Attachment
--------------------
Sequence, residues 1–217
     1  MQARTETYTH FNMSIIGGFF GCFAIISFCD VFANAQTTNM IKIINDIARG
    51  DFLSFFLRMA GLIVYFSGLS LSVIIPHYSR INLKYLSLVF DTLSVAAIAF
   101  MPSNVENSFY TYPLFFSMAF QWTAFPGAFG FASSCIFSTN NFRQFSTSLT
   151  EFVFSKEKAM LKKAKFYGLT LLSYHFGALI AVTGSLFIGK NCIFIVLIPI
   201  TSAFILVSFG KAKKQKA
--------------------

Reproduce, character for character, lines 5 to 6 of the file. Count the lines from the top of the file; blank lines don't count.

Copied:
   151  EFVFSKEKAM LKKAKFYGLT LLSYHFGALI AVTGSLFIGK NCIFIVLIPI
   201  TSAFILVSFG KAKKQKA